Over time, this mother’s demeanor gradually reversed. She changed from a withdrawn, shy, shell of a woman who lived in constant fear; to a calm, steady parent who knew she had the right to feel safe in her own home, as did her child. Her son also began to quieten down in school. Instead of carrying their entire world on his own, young shoulders, he had a team who were there for him and understood what he was going through. He managed to keep his brave façade intact. Whereas behind the scenes, this lad was feeling empowered. You went home that day with a smile on your face. You’d made a difference. That family was now safe and you played a tiny part in making that possible.
A few months passed and the son popped into the office for a completely separate issue, and skillfully dropped in passing that the scumbag was back in the family home. His eyes said it all.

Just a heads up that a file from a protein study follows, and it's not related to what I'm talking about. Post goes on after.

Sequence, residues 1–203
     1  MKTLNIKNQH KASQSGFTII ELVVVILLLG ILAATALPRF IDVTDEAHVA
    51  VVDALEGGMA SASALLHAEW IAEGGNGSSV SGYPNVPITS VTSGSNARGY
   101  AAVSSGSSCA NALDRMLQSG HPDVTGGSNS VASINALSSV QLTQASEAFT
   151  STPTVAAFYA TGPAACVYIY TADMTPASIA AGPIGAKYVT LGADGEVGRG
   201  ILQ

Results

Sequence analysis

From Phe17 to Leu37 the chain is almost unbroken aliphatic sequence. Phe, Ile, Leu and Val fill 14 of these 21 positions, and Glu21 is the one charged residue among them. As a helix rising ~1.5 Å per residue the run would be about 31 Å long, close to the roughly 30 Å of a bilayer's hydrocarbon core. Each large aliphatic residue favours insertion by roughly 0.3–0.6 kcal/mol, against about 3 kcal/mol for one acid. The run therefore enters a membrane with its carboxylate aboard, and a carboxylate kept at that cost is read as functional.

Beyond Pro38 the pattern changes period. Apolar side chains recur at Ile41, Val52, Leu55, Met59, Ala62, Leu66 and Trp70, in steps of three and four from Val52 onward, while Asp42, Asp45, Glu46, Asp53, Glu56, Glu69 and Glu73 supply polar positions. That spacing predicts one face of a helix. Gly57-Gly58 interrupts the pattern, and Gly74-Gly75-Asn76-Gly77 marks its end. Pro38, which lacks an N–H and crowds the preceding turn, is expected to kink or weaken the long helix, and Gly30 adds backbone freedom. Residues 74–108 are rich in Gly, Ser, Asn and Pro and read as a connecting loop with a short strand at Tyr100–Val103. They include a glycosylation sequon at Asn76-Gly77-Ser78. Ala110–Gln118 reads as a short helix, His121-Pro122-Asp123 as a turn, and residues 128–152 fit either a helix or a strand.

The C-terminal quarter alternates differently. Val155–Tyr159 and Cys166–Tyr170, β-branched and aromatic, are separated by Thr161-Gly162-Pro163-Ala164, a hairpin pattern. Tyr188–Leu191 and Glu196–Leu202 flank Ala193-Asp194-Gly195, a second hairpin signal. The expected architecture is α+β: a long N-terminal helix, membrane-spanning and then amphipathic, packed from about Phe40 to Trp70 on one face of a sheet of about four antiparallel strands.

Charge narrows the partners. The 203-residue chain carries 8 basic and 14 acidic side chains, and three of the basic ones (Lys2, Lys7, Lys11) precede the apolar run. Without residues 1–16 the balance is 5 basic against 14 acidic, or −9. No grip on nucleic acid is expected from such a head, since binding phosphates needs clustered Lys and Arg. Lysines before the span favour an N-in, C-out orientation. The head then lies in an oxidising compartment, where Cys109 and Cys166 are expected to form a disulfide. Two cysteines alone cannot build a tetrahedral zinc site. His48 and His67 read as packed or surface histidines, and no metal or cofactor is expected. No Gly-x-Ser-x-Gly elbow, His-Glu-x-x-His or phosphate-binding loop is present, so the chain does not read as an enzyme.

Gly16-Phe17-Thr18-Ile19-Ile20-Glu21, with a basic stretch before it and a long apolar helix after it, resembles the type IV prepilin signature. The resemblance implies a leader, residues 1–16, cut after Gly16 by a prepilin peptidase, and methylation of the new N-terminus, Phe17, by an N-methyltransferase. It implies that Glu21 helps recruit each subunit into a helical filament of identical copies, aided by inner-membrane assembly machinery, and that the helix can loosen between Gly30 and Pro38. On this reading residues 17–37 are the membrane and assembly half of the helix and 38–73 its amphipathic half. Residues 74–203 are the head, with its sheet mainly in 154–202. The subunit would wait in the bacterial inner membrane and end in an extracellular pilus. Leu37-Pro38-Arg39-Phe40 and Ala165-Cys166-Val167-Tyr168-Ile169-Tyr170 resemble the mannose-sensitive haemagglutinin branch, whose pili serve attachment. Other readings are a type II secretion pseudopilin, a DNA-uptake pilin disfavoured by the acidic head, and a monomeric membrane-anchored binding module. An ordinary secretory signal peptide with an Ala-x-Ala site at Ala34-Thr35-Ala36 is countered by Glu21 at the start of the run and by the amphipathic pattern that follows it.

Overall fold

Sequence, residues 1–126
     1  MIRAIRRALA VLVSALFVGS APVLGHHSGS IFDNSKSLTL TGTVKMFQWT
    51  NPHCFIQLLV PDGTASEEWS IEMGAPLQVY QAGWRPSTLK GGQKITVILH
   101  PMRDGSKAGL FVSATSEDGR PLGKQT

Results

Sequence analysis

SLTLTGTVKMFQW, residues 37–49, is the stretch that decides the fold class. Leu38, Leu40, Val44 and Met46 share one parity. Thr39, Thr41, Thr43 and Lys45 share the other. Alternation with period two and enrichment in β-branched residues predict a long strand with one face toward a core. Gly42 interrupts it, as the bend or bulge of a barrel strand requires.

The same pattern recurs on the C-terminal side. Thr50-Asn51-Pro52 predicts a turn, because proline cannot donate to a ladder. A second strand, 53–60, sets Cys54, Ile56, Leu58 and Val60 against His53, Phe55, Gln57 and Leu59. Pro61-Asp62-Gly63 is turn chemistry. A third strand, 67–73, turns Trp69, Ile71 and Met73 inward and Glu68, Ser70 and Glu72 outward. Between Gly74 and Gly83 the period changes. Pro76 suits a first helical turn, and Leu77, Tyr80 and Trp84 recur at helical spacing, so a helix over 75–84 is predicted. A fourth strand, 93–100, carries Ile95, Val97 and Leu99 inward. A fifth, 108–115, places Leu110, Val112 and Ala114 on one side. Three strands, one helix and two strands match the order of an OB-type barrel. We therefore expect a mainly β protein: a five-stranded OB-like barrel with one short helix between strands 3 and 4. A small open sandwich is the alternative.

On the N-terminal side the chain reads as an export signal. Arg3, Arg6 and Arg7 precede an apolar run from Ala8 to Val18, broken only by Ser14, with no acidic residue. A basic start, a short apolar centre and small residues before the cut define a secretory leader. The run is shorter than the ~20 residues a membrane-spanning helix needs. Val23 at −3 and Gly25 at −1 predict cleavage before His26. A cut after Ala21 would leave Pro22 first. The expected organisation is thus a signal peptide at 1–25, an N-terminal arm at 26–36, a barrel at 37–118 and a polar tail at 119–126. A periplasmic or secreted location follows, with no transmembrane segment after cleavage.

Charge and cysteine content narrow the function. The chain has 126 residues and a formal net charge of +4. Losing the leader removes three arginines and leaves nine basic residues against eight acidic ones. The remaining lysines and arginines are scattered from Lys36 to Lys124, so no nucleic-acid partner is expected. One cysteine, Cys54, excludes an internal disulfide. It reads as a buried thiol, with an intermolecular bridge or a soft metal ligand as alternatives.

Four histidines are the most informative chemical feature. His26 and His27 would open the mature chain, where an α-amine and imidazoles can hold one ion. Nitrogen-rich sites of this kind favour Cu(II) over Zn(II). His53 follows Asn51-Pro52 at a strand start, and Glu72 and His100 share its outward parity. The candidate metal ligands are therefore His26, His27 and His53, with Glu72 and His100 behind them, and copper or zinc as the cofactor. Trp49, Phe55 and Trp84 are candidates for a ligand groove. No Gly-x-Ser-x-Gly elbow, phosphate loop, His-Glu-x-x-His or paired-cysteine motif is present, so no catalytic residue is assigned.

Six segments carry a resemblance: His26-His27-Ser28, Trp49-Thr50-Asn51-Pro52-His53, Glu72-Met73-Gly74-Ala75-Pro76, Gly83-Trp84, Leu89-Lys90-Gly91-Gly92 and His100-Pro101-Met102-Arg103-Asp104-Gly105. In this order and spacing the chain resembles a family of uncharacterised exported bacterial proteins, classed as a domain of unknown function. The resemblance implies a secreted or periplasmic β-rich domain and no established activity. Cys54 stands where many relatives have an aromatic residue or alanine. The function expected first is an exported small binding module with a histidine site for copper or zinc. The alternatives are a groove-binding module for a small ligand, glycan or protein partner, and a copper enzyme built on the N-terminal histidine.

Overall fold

Yes, he was back.
The tamed lion had arrived one day fully sober, full of heartfelt apologies.
He loved her and their son more than anyone in the world and never meant to hurt them.
He’d missed them desperately.
He was lost without them.
He’d gone into therapy and had been sober for 3 months. Everything was going to be different.
Within weeks, the brutal reality hit. The Police had been called, this time by a neighbor who had heard a commotion and crashing glass.
He’d attacked the mother with a broken bottle, after attempting to strangle her. When the son tried to stop him, he was thrown at the wall and knocked unconscious.
The son was taken away by Social Services.
We never heard from either of them again.
We’re sitting in a café. Reuben announces that he’s coming back home tomorrow whether I like it or not.